There is actually a CFA in the office who, IMO, is undervalued and really doesn't apply much of the CFA curriculum into the role. In that case, it may seem as a total waste though I am sure the knowledge accumulated weighs heavily as well.

    Appreciate the comments.
     
    Last edited: Jan 30, 2012
  14. ballmouse

    ballmouse Senior member

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    Just curious about the CFA test in general, but do you need to have the 2 sponsorships in hand before you can take the 1st test? I'm a bit confused as to how the sponsor thing works.
     
  15. imschatz

    imschatz Senior member

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    No need for sponsors for the first test.
     
  16. tj100

    tj100 Senior member

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    IIRC (at least, back in my day, it may have changed) the sponsorship is a requirement of CFAI membership, which really only has to happen after you finish L3.
     
  17. cropknox

    cropknox Active Member

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    The last statistic I heard was that 60% of testers do not pass the level 1 on the first attempt. No doubt a large portion of those who fail are busy working professionals who fail to study enough.
     
  18. Concordia

    Concordia Senior member Dubiously Honored

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    Yes--- in Year 1, everyone assumes they know the material, even though they don't know it the way the examiners want. Once you get that part, it's not so bad.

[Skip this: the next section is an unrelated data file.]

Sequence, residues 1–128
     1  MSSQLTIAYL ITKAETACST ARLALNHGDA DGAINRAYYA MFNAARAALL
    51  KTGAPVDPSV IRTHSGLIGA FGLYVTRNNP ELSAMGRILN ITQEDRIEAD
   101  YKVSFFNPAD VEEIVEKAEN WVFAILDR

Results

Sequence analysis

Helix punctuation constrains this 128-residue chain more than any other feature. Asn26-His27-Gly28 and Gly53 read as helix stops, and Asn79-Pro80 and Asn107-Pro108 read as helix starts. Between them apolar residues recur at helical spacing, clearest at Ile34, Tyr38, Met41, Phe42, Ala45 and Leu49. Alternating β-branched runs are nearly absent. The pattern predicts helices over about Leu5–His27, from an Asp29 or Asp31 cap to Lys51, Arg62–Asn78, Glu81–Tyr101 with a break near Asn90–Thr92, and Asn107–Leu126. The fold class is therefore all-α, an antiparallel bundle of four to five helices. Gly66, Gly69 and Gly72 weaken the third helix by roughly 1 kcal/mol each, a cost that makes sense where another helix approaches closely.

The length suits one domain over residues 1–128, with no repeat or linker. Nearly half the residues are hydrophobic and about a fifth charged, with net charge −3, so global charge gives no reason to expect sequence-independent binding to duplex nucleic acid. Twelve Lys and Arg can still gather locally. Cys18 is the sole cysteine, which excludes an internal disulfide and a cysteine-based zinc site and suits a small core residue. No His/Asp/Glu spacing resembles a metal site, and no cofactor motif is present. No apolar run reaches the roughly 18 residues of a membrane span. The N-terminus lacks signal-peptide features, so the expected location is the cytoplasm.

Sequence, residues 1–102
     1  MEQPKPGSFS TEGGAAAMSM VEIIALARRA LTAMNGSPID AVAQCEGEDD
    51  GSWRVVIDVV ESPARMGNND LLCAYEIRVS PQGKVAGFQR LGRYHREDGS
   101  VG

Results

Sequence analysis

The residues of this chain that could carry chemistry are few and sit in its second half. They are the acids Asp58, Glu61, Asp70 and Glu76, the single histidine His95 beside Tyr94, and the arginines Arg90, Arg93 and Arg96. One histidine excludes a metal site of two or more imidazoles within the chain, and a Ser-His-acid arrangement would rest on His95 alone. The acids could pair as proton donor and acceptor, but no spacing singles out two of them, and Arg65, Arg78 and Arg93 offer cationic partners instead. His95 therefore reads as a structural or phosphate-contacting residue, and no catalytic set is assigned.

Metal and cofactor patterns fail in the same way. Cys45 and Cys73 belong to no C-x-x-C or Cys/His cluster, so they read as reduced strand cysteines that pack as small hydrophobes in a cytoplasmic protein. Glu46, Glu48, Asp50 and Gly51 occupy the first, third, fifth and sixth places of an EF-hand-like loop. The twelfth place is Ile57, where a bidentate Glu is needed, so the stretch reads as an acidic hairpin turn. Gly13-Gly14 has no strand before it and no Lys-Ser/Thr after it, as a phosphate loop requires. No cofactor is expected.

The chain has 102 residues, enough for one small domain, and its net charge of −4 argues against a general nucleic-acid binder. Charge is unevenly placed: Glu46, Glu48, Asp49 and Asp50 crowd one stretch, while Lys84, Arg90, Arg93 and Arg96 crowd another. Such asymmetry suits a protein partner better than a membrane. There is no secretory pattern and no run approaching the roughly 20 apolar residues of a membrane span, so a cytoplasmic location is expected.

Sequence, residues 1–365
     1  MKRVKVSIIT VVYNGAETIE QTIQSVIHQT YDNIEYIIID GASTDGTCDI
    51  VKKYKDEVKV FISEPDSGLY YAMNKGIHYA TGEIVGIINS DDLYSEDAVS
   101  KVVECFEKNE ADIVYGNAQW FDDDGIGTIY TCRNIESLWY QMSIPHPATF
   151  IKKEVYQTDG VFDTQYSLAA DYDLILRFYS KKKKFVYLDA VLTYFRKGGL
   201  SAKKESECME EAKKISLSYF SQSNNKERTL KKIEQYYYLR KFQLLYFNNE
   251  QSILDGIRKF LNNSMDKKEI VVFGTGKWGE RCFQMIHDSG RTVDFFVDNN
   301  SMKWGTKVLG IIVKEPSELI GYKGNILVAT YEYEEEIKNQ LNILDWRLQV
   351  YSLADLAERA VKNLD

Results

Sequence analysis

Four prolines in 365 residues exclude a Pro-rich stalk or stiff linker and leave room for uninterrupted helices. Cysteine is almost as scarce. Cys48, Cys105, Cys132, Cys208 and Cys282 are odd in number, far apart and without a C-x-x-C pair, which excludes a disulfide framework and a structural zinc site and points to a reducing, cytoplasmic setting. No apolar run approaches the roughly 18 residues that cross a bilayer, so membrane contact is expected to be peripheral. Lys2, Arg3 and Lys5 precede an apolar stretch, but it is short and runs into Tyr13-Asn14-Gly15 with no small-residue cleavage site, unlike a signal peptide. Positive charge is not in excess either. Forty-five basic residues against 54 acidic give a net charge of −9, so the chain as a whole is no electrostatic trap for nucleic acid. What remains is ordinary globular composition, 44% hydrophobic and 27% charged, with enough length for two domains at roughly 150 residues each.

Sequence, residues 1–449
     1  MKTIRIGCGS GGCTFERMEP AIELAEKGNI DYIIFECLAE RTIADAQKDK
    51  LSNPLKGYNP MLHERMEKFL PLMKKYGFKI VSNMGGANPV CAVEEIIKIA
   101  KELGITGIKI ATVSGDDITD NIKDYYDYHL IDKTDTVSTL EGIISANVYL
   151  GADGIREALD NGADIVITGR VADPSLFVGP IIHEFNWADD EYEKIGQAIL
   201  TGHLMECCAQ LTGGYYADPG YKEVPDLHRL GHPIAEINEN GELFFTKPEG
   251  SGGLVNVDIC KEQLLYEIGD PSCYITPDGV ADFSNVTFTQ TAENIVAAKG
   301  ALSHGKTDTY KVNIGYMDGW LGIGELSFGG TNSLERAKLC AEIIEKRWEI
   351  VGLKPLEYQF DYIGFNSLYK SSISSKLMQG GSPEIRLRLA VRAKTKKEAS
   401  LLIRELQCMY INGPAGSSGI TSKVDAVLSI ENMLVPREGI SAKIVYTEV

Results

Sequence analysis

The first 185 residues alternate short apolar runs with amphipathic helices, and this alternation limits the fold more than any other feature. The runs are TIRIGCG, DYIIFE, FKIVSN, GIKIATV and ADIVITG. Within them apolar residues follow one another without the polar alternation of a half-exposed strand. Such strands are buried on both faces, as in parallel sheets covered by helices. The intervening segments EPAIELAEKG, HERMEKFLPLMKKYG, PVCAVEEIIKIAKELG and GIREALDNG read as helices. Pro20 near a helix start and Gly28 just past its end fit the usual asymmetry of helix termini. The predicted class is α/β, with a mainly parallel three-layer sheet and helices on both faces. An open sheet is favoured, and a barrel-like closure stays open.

Year 2 gets hard. Quantity and depth of material-- sort of like middle distance running.

    Year 3 used to be trivial, but now there's apparently a decent dose of derivative work that goes beyond hand-waving and touting the virtues of diversification.
     
    Last edited: Feb 17, 2012
  19. Hannerhan

    Hannerhan Senior member

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    Yes I have heard from multiple people that level III has gotten quite a bit tougher over the past few years, to the point where it's about the same as level II now on the difficulty scale.
     
  20. chogall

    chogall Senior member

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    Exactly. I am taking the CFA only because I have a bad bad MBA degree from a no-name school.